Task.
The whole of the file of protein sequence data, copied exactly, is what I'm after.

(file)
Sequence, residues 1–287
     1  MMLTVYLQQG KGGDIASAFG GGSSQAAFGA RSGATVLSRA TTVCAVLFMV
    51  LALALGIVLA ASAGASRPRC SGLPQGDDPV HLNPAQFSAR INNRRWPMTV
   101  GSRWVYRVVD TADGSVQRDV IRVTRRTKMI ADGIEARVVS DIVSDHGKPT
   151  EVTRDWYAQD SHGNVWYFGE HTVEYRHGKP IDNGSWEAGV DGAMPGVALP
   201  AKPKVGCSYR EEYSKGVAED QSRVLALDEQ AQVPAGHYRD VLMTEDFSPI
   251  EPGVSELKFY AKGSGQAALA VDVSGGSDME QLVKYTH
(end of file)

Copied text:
Sequence, residues 1–287
     1  MMLTVYLQQG KGGDIASAFG GGSSQAAFGA RSGATVLSRA TTVCAVLFMV
    51  LALALGIVLA ASAGASRPRC SGLPQGDDPV HLNPAQFSAR INNRRWPMTV
   101  GSRWVYRVVD TADGSVQRDV IRVTRRTKMI ADGIEARVVS DIVSDHGKPT
   151  EVTRDWYAQD SHGNVWYFGE HTVEYRHGKP IDNGSWEAGV DGAMPGVALP
   201  AKPKVGCSYR EEYSKGVAED QSRVLALDEQ AQVPAGHYRD VLMTEDFSPI
   251  EPGVSELKFY AKGSGQAALA VDVSGGSDME QLVKYTH